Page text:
Excerpt from An Inventory of Losses by Judith Schalansky , plus links to reviews, author biography & more

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An Inventory of Losses

by Judith Schalansky

An Inventory of Losses by Judith Schalansky X
An Inventory of Losses by Judith Schalansky
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  • First Published:
    Dec 2020, 224 pages

    Nov 2021, 224 pages


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Print Excerpt

At the edge of the city the watercourse forks. I follow the most inconspicuous of its branches, the stream hidden deep in the scruffy field margin and lined with crack willow. The trees rise up out of the karstic brushwood like bulky beings moored upside-down to the undercut riverbank, their crowns pollarded, their branches stunted, hollowed out by wind and weather. Rotting wood bulges from their burst insides.

Soon the footpath crosses a water channel which, on the map, now bears the name of the river of my quest. Uncurving, it heads east, breaks loose from its surroundings, a natural boundary between two paddocks, hemmed in by willow fences. Lying on the meagre soil of the riverbank are blades of sedge beaten flat by the rain. Silently the water follows the course designed for it, fed by more and more drainage ditches branching off to the north and south. The open countryside lies there frigid. Everything is remote, the land occupied, cultivated, providing pasture for cattle still crowded in their sheds. Only the wind rages, whipping my breath away, stormily impeding my steps. The sky is clustered with bulging clouds. The hum of traffic is audible from somewhere near or far.

It is a while before anything catches the eye again. Dogwood and blackthorn bushes enclose the fields and provide shelter from the harsh north-easterly. A flock of greyish brown, blackbird-sized birds swoops over the fields, repeatedly touching down en masse to rest, and taking to the air again at the slightest disturbance. They are fieldfares, the grey-speckled thrushes that feature in the cookbooks of bygone days, which overwinter in the Mediterranean. Yellowhammers, too, soon appear as dabs of broom-yellow in the gusty air. Imperceptibly the ditch grows fuller, the water level rises, the channel broadens out, the rippling water flowing through the open shutter of a mechanical weir.

When, after a time, a road approaches and crosses the ditch, the smooth, tin-grey asphalt is alien to me. Cars zoom past. To the north, shiny concrete-grey barns, bilious green silos and a grayish white pyramid of cellophane-wrapped bales of straw are visible through a row of poplars. From somewhere comes the drone of farm machinery. Solitary flakes of snow dance noiselessly above the boggy ground of the yellowed pastureland.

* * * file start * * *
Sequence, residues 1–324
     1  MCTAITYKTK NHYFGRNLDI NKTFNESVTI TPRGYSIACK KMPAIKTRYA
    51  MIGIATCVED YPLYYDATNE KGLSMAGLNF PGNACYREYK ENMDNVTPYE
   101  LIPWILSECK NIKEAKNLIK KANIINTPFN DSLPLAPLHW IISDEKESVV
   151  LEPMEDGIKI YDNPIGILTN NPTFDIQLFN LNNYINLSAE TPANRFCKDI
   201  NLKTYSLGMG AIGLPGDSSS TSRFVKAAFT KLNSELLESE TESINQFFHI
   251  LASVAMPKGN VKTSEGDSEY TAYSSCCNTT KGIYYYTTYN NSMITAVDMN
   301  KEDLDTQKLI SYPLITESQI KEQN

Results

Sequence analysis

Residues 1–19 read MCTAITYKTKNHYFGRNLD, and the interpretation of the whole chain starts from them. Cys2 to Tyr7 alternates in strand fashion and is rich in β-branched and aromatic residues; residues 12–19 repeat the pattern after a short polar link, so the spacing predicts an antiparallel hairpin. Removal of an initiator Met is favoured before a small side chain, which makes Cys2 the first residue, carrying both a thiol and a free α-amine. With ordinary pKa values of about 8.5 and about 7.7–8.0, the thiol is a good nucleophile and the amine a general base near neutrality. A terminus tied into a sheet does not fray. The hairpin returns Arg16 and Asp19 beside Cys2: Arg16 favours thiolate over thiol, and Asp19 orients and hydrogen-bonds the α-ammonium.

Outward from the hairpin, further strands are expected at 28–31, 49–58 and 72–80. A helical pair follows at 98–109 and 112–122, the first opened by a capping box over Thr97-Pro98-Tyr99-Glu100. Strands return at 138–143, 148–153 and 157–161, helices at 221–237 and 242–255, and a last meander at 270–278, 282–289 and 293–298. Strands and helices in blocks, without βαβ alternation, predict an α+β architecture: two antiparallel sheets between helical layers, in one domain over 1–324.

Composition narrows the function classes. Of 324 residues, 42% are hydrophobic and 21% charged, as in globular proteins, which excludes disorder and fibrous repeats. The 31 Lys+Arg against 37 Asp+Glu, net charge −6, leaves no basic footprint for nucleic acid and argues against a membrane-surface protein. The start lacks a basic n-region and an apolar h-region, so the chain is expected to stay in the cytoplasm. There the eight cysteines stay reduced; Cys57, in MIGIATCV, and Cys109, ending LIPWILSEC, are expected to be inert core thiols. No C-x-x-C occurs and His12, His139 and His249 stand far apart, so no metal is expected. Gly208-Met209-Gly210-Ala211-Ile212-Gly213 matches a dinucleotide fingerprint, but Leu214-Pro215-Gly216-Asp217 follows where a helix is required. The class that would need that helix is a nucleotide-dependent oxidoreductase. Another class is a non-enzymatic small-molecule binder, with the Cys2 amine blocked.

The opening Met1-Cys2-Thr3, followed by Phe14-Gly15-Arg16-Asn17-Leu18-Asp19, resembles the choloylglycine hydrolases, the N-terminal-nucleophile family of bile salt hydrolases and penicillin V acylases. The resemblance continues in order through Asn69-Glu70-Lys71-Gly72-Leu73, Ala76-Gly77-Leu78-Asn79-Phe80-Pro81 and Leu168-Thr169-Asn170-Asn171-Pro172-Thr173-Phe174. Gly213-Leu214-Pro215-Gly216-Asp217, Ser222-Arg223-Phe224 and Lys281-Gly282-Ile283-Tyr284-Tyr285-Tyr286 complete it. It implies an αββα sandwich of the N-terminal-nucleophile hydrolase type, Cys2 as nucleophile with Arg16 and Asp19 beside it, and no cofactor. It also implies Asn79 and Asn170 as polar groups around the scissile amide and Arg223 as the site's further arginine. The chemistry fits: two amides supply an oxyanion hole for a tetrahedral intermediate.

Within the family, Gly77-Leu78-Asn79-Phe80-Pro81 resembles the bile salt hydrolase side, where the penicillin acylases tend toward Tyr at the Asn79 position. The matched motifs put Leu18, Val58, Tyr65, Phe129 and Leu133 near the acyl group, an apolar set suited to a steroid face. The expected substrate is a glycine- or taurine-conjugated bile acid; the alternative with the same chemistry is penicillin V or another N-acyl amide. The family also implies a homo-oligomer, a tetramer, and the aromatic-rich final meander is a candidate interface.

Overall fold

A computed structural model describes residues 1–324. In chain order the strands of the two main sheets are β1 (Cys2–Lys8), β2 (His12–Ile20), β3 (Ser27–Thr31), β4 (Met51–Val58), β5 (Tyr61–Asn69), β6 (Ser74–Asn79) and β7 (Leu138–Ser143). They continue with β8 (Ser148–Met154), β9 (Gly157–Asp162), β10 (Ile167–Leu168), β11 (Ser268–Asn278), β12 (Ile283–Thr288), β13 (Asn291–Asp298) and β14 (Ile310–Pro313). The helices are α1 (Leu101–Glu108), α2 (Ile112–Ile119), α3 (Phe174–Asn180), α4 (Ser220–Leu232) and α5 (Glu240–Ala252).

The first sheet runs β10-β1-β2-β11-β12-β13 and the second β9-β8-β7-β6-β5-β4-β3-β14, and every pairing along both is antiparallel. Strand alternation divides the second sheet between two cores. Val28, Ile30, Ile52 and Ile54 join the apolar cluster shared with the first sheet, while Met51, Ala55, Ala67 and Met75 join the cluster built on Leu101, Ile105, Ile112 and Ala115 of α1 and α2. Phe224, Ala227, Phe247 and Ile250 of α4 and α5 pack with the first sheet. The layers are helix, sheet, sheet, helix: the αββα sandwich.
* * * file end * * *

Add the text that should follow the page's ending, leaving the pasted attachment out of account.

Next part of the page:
In the grass of the riverbank I find a brown-grained river mussel, as large as a chicken's egg. Its inner surface shimmers in shades of mother-of-pearl. Not far off, some mallard ducks are dabbling in the water. They fly away with an irritable whining and flapping as I approach, more easily startled than their town-dwelling cousins, and gather on the nearby fallow field. Their webbed feet show up in shades of orange and the heads of the drakes shimmer peacock-blue against the grey expanse of the field. After the monochromy of the last few hours, the birds' bright coloring appears almost exotic.

Then I arrive at the place I had picked as the end point of my first leg. The little village of Wüst Eldena consists of not much more than a restored manor house and a row of brick-brown farmworkers' cottages. Apart from a dilapidated fire station and a few tumbledown barns, all the buildings look lived in: there are curtains hanging in the windows, cars standing on the driveways, and chickens strutting along by the fence surrounding their run. Neglect pervades the place. Its name is an empty claim. It refers to the Cistercian monastery at the mouth of the Ryck, Greifswald's ancient founding building, which has been languishing in a state of ruin since the Thirty Years' War.

My mobile telephone has reception again. I dial the number, and just as the taxi appears at the end of the lane, snow begins to fall steadily from the sky in big thick flakes.

Excerpted from An Inventory of Losses, copyright © 2018 by Judith Schalansky, translation copyright © 2019 by Jackie Smith. First published as Verzeichnis einiger Verluste by Suhrkamp Verlag, Berlin. Reprinted by permission of New Directions Publishing Corp.

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